I interrupt all normal blogging to bring you this post. We walked into this glorious year and decade with lots of hopes and aspiration. Most of us hoping for a more fair, safe and progressive world. But in Uganda as it stands, rape culture continues to prevail and women continue to be harassed without consequence whatsoever.
Over the past week, the conversation on rape and sexual harassment has been trending on twitter and Ugandan women have been coming forward to say #MeToo and point out their abusers. As it would be, most of them are people we see often, talk to, we’ve probably shared a cup of coffee or conversation with, we know them as “good” people. Which makes me wonder whether “good” people have never done bad things. What we need to understand is that sexual harassment is an issue of power and has nothing to do with how good or bad someone is. Men in your circles are as capable of raping a woman as any other man. So for you to come forward with that whole talk on how he is a “family man”, good friend, hangs out with females and he has never raped as a way to nullify allegations of rape makes you part of the problem. The thing about rape culture is that women are presented as if they were already guilty of something by being women. Women’s bodies are sexualised in that the way they dress is often misrepresented as consent. I remember last year NBS TV twitter updated that an “innocent” MUBS girl had been raped. This kind of reporting in itself implies that those that society wouldn’t describe as innocent in a way deserve to be raped but not this “innocent” girl.
The language used to talk about rape in Uganda is one of blame. Women are asked to bring forward unrealistic amounts of evidence before they are even believed in the first place. And even with the evidence, the perpetrators often get away with it because, and I quote’ “They don’t want to tarnish their reputations.”
The harassment of women is weighed against reputation and often times the abuser’s reputation weighs heavier. So I find it amusing when a woman comes forward to say she was raped by a man and people start demanding for evidence. What evidence do you expect from a rape that happened a month, year or decade ago… a sex tape?….Many of you seem to assume women walk around expecting to be raped, in Uganda probably yes, most women actually live with the fear of being raped. I read a quote the other day that “How come every woman knows a woman that has been raped but no man knows a rapist? ”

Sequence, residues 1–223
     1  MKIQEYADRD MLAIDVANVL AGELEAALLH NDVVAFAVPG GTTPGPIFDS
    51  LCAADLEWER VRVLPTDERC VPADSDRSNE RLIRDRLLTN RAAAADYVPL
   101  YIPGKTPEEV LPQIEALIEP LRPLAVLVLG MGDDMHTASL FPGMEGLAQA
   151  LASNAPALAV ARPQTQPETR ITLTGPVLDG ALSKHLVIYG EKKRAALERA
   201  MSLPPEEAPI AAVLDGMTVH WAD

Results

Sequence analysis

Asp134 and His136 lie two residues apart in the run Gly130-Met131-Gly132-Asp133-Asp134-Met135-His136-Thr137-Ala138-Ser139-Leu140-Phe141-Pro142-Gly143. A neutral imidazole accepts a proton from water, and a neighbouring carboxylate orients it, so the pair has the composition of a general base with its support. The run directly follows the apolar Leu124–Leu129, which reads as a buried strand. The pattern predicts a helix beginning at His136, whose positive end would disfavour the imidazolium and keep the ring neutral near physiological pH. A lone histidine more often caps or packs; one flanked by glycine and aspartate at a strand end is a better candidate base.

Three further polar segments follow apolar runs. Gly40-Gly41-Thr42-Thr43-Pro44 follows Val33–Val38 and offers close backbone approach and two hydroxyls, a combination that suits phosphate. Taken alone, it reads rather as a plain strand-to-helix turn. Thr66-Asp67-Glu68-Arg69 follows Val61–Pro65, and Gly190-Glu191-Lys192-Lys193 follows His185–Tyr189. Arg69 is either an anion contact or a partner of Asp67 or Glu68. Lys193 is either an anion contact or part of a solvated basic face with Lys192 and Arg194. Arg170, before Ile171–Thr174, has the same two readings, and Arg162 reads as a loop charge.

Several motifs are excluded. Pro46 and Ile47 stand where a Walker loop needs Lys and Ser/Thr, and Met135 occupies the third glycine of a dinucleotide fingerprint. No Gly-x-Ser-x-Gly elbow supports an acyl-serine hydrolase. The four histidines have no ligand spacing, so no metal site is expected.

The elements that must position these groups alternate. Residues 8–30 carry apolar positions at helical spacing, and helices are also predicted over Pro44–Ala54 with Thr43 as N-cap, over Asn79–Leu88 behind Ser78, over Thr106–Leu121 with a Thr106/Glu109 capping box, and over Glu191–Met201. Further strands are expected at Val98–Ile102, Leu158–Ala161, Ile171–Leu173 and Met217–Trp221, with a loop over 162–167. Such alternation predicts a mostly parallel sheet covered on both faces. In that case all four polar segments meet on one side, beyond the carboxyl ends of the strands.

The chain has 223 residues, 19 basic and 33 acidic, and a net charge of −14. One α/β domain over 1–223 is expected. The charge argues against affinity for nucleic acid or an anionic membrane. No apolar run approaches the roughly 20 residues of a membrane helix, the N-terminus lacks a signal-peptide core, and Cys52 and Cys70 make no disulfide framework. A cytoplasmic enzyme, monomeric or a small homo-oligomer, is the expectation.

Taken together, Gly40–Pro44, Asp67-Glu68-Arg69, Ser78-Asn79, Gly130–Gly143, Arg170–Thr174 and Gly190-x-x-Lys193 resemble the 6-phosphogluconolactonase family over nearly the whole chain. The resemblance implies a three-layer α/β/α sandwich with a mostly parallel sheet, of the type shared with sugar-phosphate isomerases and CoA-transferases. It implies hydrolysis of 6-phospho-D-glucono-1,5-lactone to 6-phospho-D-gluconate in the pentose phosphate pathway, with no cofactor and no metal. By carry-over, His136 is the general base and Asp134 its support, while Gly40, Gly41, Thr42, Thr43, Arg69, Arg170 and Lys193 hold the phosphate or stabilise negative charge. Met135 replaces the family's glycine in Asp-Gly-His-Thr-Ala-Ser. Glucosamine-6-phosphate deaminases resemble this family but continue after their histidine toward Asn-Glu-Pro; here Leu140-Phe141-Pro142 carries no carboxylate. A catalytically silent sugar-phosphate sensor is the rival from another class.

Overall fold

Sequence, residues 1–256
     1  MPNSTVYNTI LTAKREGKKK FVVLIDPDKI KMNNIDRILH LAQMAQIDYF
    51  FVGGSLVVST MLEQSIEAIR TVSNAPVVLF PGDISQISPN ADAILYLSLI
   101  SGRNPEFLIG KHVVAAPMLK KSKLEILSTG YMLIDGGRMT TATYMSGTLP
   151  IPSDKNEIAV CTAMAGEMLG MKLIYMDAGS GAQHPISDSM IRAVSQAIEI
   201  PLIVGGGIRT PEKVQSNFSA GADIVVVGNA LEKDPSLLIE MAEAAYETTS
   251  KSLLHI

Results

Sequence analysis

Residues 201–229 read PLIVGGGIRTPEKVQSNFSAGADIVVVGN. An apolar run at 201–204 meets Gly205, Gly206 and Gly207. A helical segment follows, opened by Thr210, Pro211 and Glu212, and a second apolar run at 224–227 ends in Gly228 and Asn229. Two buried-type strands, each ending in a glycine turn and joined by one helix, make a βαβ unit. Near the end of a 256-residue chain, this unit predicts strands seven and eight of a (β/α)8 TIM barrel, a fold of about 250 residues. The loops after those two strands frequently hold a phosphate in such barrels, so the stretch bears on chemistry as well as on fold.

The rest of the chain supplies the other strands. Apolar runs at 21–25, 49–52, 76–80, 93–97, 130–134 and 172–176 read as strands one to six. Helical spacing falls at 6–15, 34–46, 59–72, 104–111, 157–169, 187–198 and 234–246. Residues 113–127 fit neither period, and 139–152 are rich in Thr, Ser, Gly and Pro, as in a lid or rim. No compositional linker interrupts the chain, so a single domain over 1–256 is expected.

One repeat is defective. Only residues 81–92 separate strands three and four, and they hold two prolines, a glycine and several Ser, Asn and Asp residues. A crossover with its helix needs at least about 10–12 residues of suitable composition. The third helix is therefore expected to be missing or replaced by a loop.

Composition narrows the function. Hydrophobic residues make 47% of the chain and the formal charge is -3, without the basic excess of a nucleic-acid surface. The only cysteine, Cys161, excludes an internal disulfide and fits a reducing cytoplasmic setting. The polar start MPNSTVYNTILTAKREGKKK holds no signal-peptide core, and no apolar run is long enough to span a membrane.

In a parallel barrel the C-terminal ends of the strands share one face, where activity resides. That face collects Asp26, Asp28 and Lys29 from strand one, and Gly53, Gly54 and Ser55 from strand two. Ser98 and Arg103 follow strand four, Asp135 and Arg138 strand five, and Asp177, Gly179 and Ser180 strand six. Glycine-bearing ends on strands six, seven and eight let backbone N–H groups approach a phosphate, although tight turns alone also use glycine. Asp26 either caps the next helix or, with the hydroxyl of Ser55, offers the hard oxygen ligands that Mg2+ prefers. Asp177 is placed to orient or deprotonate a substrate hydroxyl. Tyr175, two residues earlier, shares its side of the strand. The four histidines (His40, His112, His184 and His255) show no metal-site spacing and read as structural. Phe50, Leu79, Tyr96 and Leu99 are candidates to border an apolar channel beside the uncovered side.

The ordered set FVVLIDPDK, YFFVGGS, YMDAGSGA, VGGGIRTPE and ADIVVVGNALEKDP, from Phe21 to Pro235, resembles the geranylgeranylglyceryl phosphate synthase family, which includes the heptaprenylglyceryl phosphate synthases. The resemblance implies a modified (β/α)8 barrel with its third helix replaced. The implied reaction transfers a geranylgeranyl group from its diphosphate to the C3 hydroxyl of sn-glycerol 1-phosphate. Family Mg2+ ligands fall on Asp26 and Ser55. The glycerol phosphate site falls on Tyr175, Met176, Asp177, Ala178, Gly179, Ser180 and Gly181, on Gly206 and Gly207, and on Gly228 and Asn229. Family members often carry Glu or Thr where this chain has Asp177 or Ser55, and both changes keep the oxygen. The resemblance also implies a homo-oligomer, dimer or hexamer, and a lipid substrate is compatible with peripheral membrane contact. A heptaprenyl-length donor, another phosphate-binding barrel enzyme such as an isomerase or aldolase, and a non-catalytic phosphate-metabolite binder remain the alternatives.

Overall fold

Abusers are protected by society. God forbid we affect their future, but no one talks about the things these women have to deal with every time they see their rapists walking around free and being glorified as “good” men. When we demand that women are believed, there’s also that clique of women and men that come forward with the “Not all men” and “Who will speak up for the men that are harassed.” What they demand is noble but my problem is that this conversation only comes up when women are demanding for their rights to exist as whole human beings. Which makes me believe that the intent is never to fight for “men’s rights” but rather to enable the culture of silence. I’ve always wondered how showing me your wounds is supposed to heal mine? If you are so interested in fighting for men that have been sexually harassed start your own twitter thread, organisations or whatever but don’t come to my table and tell me how I am supposed to go about my oppressor.
Which brings me to how language perpetuates and enables rape culture. Since women are often presented with the burden to prove beyond reasonable doubt that they were raped, most abusers live free without the consequence of their action and continue to rape more women. These women on the other hand have to live with physical, emotional and psychological consequences of it. Proof is often asked for with the aim of acquitting the abusers. Like I mentioned in my blog post during the #16daysOfActivism, the law enforcement agents also usually trash rape allegations without any proper investigations. If a woman was walking in the middle of the night or at a party or simply existing it’s often assumed that she must have in a way consented to the sex. Men actually joke about how “a woman is dressed for them” when women wear more revealing clothing and use it as a justification for rape.
Privileged women and women who in their own right assume they are “good women” also perpetuate rape culture with how they talk about other women. Most of them will justify why a sex worker for example was sexually harassed because to them being a sex worker means consent. Privileged or middle class women that hang out with the rapists might not for example believe their husbands raped the maid and instead send her away for seducing him.
Talking about sexual harassment and rape often times stresses me out and For the sake of my mental health I’ll end this mostly jumbled post here.
If you are Ugandan, an apologist or enabler, this is a good time for you to go and read up on rape culture and sexual harassment as a whole. Go and educate yourself, instead of coming to conversation with that “please educate me” talk. Google has a lot of helpful information.
Bellows of love
©Tales of a Curious mind